Pearl Jam’s eponymous 2006 album and touring reflected their growing disgust towards the American political establishment and the George W. Bush administration. But Avocado came at a time in their careers where the band had grown up - one critic said that they had risen above being boys to do “a man’s job of rocking.” The album tells stories of political unrest and injustice, often told through the perspectives of protagonists and accompanied by aggressive grooves. “Inside Job” closes the album in a much lighter tone. It is one of the band’s first tracks to extensively use a piano, combining it with acoustic guitars to form an ambient floatiness. It is also Pearl Jam’s first song to feature lyrics by guitarist Mike McCready, who describes the “Inside Job” as the work to look within oneself that is required to make artistry come to life. Eventually, the song rises to a powerful resolution, closing the album on an emphatic note.
13. Brain Of J - Yield (1998)
"The name they gave me - the name I’m letting go…"
Kicking off 1998’s Yield is a fast, straightforward rocker about socio-political issues. “Brain Of J'' points to the loss of justice in American politics, with bigots standing beside the stars and stripes who have lost the Brain of JFK. It’s easy to see where their frustration is coming from, after their 5-year-long war with Ticketmaster led nowhere, thanks to the US justice system. Besides a few uplifting tracks on Yield about rising above the struggle, songs like “Brain Of J” show Pearl Jam’s emerging and continuous concerns about social and economic justice that would characterize their following few albums.
12. Hail, Hail - No Code (1996)
"I don’t want to think, I want to feel!"
While many of No Code’s tracks are experimental and mellow, “Hail, Hail” captures the powerful essence of the rocking tracks we expect to hear from Pearl Jam’s early years. Stone Gossard and Jeff Ament drive the song with Jack Iron’s aggressive beat to define its heavy sound. Vedder vocalizes the struggles of both sides trying to hold a relationship together, complemented by the intense groove from the rest of the band.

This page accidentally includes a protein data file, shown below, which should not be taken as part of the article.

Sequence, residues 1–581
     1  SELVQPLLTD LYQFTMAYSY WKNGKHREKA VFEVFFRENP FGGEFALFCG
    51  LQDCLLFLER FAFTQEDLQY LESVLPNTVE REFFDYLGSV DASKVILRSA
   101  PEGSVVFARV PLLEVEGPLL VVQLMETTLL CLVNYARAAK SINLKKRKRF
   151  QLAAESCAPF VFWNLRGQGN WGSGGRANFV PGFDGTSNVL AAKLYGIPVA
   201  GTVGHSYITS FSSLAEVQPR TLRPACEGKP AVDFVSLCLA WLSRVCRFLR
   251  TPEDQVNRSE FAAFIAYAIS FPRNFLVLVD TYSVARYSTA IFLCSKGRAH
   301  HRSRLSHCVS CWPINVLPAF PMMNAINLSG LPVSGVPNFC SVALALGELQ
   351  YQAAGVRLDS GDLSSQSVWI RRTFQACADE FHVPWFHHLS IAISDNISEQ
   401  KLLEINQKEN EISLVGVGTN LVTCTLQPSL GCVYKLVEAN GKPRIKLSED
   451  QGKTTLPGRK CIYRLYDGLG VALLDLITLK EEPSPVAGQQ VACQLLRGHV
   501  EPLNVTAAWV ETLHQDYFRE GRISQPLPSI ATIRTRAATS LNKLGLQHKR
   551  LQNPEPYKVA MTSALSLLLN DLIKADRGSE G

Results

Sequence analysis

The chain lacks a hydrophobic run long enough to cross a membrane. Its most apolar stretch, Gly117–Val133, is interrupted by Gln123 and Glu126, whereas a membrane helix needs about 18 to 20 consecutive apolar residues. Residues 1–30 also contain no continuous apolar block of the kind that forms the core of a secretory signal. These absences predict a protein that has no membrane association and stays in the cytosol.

11. Light Years - Binaural (2000)
"We were but stones, your light made us stars…"
After their fiery start and fast rise to fame with their first few albums, Pearl Jam’s compositions grew increasingly intricate throughout the 90s, and their 2000 release Binaural reflected a new level of complexity. It’s amazing to listen to their growth over this era, and considering their journey, it’s beautiful to contemplate the story behind songs like “Light Years.” The second single from Binaural tells a story of loss, with the gentle sway and resolution of its rhythms. Instead of simply knocking your socks off, Pearl Jam invites you to join them in a deep meditation.
10. Given To Fly - Yield (1998)
"And sometimes is seen a strange spot in the sky, a human being that was given to fly..."
In 1998, Pearl Jam released Yield, following up their experimental and mellow No Code with a positive, classic rock-infused return to their grunge roots. Many of the album’s songs have the band’s characteristic heaviness, but with a new sophistication and uplifting tone. “Given To Fly” is the top single from Yield, written by McCready on a snowy day in Seattle, who describes it as a huge wave building and flowing. Vedder’s vocals are beautiful and inspiring as he sings about rising above criticism to do what you love - simply because you love.
9. Alive - Ten (1991)
"Now I can’t see, I just stare…"
Besides being one of the band’s best songs, “Alive” has a special place in Pearl Jam’s history. After the death of Mother Love Bone vocalist Andrew Wood in 1990, MLB’s Stone Gossard got together with Mike McCready and Jeff Ament to record a demo and find a new vocalist. The demo found its way to Eddie Vedder in San Diego, and “Alive” was the first song that he heard and wrote vocals for. The rest is history: Gossard, McCready, Ament, and Vedder, along with drummer Dave Krusen, formed Pearl Jam and released “Alive” as one of the top singles from their 13x platinum debut album, Ten, in 1991.
8. Go - Vs. (1993)
"Please don’t go on me..."
“Go” is pure delight for those who love to mosh and head-bang. Many of the tracks on 1993’s Vs. explored a rawer, heavier style than had been featured on Pearl Jam’s already-quite-raw-and-heavy debut album Ten. Vs. has many lyrical themes of abuse and mistreatment, and “Go” is the story of an abusive relationship as told from the side of the abuser. It opens the album, setting the fast paced and aggressive tone for the songs to come.